Removing yourself from a toxic relationship


I was 16 when I got into my first "real" relationship. Young and naive, I wanted to have a relationship that everyone envied. To be honest, I achieved that. Over three and a half years I was told countless times how my relationship was perfect and we seemed happy and in love. The key word there is seemed. Nobody knew what happened behind the photos I posted on social media.

When you get into a relationship this young you don't realise that you're still growing yourself and with that comes change. The first 9 months of the relationship were good - looking back, it was normal, I still felt like me. It's when I went to college everything changed. He became paranoid that I was going to cheat because I was in an environment he wasn't familiar with. Thinking about it the paranoia could've been due to the fact he got into a habit of smoking weed. Never-the-less I didn't feel comfortable going to college. My good morning texts changed to "what are you wearing today?" and the message I'd always receive when I got home would be "did you speak to any boys today?" To which I gradually realised that "a top that didn't cover my bum" and "yes, I spoke to my male photography tutor today" were not acceptable answers.

My friends became less and less. My only best friend lived in Wales and whenever she came back now and again I had to ask permission whether it was okay to spend time with her. On one occasion I lied and said we'd gone to the cinema when really we'd gone for a few cocktails because I was too scared to deal with the backlash of trying to explain that I'd been drinking alcohol around other men.

When I started working I couldn't enjoy things like the Christmas party because men would be there so I always found an excuse not to go like I was ill or I couldn't get there. It's like I wasn't trusted and there was no reason not to trust me - I'd always been 110% faithful. I was being punished for nothing.

Looking back, he could do anything. He went on nights out where I wouldn't hear from him. I'd be told how attractive girls from his work were but he never complimented me, making myself never feel good enough for him. He chose drugs over me, I paid his way out of drug debt and paid off holiday's we had planned together. I even bought myself my own Christmas card once so I could show my family that he did actually care about me when he didn't actually give a shit. Everything was taken out on me, if I didn't agree with him (which was most of the time) I would have the worst day.

I gradually lost the person I was. I had no friends. I only had my family and eventually he began to question why I wanted to spend so much time with them, even to the point where he'd get jealous if I'd be spending time with my nephew who was 3/4 at the time. I had no confidence to do anything. I didn't go for jobs I was offered. I was made to feel like I couldn't make myself up anymore because I'd be gaining attention from men that weren't him so I eventually lost any sort of beauty I ever had.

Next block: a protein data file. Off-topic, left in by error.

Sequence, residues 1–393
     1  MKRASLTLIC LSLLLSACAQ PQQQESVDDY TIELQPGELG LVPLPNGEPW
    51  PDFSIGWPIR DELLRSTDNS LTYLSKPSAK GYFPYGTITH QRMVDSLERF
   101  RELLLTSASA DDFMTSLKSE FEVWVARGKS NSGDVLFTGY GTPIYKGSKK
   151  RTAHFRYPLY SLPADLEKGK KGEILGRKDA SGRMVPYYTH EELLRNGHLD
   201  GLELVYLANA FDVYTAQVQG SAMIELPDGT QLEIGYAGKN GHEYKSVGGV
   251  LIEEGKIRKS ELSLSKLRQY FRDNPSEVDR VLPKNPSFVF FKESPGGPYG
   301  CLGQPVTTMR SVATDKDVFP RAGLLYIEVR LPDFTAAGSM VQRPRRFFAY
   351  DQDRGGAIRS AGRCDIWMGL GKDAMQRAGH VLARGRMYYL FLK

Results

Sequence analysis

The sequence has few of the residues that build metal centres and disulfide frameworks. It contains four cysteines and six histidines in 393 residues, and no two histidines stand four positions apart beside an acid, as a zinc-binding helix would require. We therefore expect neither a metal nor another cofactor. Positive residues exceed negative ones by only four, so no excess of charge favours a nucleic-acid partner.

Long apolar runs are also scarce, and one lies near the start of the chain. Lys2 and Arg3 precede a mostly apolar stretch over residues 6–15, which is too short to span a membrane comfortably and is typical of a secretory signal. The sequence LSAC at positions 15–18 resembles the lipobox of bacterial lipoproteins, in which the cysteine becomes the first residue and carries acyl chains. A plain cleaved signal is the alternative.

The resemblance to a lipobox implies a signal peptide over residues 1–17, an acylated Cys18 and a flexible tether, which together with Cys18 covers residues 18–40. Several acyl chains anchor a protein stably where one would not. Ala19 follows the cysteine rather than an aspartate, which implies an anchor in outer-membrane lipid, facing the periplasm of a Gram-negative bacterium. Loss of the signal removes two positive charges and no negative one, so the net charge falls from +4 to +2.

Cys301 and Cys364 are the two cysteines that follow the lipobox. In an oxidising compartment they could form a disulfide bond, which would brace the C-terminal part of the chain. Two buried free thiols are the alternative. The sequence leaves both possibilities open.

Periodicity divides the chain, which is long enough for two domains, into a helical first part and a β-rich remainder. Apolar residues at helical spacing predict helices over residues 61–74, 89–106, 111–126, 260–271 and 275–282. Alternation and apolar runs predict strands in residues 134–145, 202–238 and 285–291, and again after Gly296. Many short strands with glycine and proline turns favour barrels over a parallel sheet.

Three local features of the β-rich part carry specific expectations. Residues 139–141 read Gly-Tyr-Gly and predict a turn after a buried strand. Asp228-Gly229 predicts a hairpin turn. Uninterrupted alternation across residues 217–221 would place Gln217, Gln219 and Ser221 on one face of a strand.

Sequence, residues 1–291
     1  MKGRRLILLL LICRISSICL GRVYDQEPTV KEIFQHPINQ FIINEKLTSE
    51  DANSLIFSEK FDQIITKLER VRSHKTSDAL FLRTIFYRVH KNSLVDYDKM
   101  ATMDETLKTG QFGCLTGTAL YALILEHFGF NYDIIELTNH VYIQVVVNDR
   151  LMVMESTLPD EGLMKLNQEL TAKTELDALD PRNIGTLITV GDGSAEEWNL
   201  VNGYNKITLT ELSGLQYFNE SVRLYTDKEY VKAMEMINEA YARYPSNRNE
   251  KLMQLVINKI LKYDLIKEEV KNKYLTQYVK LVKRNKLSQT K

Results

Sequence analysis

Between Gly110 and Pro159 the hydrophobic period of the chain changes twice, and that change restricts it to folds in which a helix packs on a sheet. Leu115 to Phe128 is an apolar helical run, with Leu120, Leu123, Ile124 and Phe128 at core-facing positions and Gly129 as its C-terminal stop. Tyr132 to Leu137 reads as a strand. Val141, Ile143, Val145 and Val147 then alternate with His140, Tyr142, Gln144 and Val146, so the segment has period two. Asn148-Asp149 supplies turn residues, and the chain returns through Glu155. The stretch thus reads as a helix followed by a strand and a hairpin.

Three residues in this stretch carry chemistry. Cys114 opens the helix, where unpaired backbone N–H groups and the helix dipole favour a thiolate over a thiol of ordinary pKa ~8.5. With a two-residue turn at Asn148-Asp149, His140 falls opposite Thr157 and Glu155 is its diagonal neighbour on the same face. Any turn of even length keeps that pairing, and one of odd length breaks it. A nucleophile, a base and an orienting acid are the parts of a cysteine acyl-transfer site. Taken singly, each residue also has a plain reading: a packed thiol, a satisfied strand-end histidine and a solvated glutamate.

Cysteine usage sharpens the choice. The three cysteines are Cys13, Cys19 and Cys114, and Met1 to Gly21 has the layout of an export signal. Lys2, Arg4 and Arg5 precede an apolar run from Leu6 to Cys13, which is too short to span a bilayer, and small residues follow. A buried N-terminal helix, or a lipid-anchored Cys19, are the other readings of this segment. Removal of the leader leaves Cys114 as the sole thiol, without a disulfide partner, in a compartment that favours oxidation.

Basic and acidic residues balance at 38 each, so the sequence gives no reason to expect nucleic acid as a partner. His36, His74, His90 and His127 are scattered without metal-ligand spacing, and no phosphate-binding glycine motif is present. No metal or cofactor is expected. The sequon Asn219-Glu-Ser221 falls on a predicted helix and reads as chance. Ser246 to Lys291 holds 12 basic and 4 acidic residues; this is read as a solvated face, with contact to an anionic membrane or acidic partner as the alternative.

I would cry at least 5 out of 7 days in a week. None of us were happy in this relationship yet every time I tried to leave he'd beg for me to stay. He'd make it out like he couldn't live without me and that he was going to change and every time it was a lie and it didn't happen.

One day, a week after a holiday from hell, which yes I plastered all over Facebook as being the best holiday of my life, I plucked up the courage to just leave. It was probably one of the hardest things I've ever done. Not only was I leaving a person and a family of people I'd spent so much of my life with, I was potentially breaking someone's heart and hurting somebody and although I was already mentally broke by him I still felt like an awful person for doing that to somebody I once loved.

The next few months were incredibly confusing. How do you enjoy freedom when you're not used to it? I improved my friendship with my best friend, met new people, trained my brain into becoming more confident and created a complete new look for myself.

My biggest fear about leaving that relationship was being alone, but everyday was filled with people I loved. I got a lot closer to my family. I think Leeds Festival was an eye-opener of how happy I was. That festival for 3 years was miserable for me - arguing and crying during some of my favourite bands. Last year I finally got to enjoy it and had one of the best weekends of my life.

I didn't think I'd fall in love with anyone else for a long time, not for years. I thought I needed a while to better myself, on my own. I got into a relationship in October and I've fallen in love with someone I can call my best friend too. We don't plaster everything online. I'm not controlled. I'm encouraged to better myself, train hard, go for my dreams, travel, make new friends, be positive. This person entered my life at exactly the right point. I don't feel the need to be plastered all over his social media because I'm loved and appreciated enough in his real life. A private relationship is a happy one.

I'm still growing. I still have trust issues, I still question a lot in my head, I'm still very insecure about myself and I still have a lot to learn but leaving a toxic relationship was the proudest moment of the last few years.

If you're in a toxic relationship now, especially if you're young with no real responsibilities to stay in it, leave it as soon as you can before you lose yourself completely. It's hard and it'll take many attempts but you won't regret it. In ways, I thank him for putting me through it all because it's made me a stronger person now but I pity him - that he was that insecure with himself that he had to break me.

Jennie